Tara Nimmo opened the Saratoga Winery in Saratoga Springs about three years ago. She said business has been great and that her main source of frustration has been navigating state rules — whenever she wants to make a change to the winery, she often receives confusing and contradictory answers from the state Liquor Authority on what she should do.
“It’s almost like the state needs an advocate for the wineries,” Nimmo said. “We’re paying licensing fees and we’re helping grow the economy. The state needs to be more user friendly.”
The wineries have long advocated for a change in state law that would allow them to sell their wares in grocery stores. But Martini said Cuomo doesn’t support this idea, and that it’s unlikely to go anywhere any time soon.
One of the main pieces of legislation signed by Cuomo this fall is the Small Brewers Bill, which allows brewers producing fewer than 300,000 barrels of beer each year to buy their way out of a distribution contract. These contracts are open-ended, effectively locking a brewer into a long-term relationship, and giving distributors exclusive rights to sell certain brands of beer within a specific geographic area.
For a growing brewery such as Troy-based Brown’s Brewing Co., the open-endedness of its distribution contract presented a problem. When the brewery first sought to increase its presence in local stores, it found that the smaller distribution company it had contracted with lacked the resources to get its beers widely stocked throughout the area.
Gregg Stacy, vice president and director of marketing and sales for Brown’s, said stores also worried that the company would not be able to deliver the beer consistently.
“The bigger distributors have access to 85 percent of where we want to be,” Stacy said. “If we stuck with our old distributor, we would have had the beer [to expand], but not the distribution.” Passage of the small brewers act has allowed Brown’s to contract with a distributor more suited to its needs, Stacy said.
Stacy said Brown’s wants its beer to be stocked in every Stewart’s, Hannaford and Price Chopper in the Capital Region, and to expand its footprint throughout the Northeast — “from Boston to Buffalo, from Burlington to Brooklyn.” Right now, Brown’s can be found in an 11-county area that is bounded by Lake George to the north and Columbia County to the south.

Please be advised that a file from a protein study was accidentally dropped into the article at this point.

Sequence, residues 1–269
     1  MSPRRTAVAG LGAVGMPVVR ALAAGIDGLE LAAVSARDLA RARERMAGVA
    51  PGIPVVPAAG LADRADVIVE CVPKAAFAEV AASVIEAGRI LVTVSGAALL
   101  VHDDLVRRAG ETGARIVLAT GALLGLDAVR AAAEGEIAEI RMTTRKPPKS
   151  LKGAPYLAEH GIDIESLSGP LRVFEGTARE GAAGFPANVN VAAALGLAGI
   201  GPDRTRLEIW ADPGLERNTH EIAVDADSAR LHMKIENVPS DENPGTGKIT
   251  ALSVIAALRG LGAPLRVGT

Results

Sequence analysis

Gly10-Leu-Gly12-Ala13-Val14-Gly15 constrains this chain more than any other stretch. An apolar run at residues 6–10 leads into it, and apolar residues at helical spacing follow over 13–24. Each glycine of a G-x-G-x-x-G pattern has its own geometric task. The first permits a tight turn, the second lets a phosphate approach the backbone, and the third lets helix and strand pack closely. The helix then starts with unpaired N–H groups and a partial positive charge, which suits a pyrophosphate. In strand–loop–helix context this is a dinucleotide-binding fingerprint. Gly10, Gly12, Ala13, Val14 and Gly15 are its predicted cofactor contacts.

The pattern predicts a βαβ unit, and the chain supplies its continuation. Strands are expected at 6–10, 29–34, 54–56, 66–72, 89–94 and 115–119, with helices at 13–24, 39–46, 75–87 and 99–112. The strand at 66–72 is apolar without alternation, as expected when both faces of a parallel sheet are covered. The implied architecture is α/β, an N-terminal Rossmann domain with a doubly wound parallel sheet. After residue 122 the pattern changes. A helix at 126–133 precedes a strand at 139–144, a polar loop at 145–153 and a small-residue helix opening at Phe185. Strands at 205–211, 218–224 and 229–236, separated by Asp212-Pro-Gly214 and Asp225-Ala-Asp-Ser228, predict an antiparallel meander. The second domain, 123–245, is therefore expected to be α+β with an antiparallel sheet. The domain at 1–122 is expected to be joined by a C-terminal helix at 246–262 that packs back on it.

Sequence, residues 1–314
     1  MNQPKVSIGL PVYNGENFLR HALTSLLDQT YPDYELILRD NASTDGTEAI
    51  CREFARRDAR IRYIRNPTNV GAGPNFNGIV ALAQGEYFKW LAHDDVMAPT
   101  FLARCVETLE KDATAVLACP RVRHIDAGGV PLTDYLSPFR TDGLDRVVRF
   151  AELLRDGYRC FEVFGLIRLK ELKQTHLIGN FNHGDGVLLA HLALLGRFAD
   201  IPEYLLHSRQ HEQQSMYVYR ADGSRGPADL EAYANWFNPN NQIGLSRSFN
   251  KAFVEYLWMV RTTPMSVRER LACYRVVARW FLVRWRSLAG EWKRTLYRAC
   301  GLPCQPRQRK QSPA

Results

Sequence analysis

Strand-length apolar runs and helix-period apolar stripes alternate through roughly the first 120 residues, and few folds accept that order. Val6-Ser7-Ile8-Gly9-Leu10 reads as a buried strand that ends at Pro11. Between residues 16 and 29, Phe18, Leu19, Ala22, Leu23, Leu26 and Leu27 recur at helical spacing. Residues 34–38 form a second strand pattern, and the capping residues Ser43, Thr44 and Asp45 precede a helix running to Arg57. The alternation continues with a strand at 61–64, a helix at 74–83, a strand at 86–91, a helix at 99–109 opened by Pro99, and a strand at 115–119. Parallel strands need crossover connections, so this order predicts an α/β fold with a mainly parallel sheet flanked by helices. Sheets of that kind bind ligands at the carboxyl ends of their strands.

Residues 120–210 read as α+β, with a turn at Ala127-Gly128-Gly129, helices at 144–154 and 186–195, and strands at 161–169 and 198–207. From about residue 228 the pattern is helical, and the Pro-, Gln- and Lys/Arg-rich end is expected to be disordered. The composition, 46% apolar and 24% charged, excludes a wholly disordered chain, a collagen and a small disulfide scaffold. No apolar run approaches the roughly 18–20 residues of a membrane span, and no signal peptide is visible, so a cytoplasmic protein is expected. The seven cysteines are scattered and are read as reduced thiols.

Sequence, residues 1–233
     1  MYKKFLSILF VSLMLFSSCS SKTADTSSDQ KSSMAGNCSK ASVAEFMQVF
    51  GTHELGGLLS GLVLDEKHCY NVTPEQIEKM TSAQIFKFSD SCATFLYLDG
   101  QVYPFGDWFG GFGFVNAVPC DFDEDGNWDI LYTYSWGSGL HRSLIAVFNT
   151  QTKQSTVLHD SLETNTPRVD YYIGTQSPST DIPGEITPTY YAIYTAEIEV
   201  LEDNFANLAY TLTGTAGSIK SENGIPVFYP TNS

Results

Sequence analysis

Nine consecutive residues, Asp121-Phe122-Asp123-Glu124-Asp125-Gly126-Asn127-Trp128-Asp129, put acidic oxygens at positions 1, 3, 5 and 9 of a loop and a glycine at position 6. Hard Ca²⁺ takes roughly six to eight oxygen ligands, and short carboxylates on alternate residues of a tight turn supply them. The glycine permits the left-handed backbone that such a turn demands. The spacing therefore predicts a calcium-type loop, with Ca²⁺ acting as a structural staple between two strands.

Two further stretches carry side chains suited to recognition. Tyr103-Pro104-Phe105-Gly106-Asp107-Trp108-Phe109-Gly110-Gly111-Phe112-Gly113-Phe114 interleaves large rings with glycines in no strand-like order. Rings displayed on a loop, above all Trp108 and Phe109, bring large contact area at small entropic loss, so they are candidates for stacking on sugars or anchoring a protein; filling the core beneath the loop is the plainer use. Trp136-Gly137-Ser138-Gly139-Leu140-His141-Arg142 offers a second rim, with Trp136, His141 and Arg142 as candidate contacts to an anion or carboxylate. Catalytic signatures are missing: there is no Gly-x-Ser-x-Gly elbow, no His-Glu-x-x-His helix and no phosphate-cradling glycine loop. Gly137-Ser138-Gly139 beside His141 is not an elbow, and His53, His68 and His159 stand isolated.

Brown’s began brewing in 1993, and at first its sales were limited to its River Street taproom and restaurant. In 2006, the brewery began bottling and selling beers. Now the brewery is building a new production facility in Hoosick Falls that will enable Brown’s to increase its production by 20,000 barrels of beer per year; right now, the brewery produces 2,800 barrels of beer.
“We’re at maximum capacity,” Stacy said.
McDonald said distribution isn’t a big problem for the Van Dyck, since the brewery only has a handful of accounts. “We’re not quite at that level,” he said. “We hope that it becomes a problem.”
Stacy said Brown’s plans to attend the upcoming beer and wine summit. “We’re psyched,” he said. “We’re happy they’re having it. We don’t have anything to complain about. The state has been great.”
Katleski said there are still rules that could be tweaked to make things easier for small brewers. He said that the state liquor authority bars brewers from pouring their own beer at beer festivals, and that the task is often entrusted to a volunteer who doesn’t know very much about the brewer’s product.
The Brewers Association defines craft brewers as “small, independent and traditional.” Typically, a craft brewer has an annual production of 6 million beers or less.
“A lot of people don’t consider it craft beer,” Stacy said. “They just think of it as beer. It’s how beer should be.”
McDonald said Mad Jack is drawing customers to the Van Dyck.
“People come for the beer.”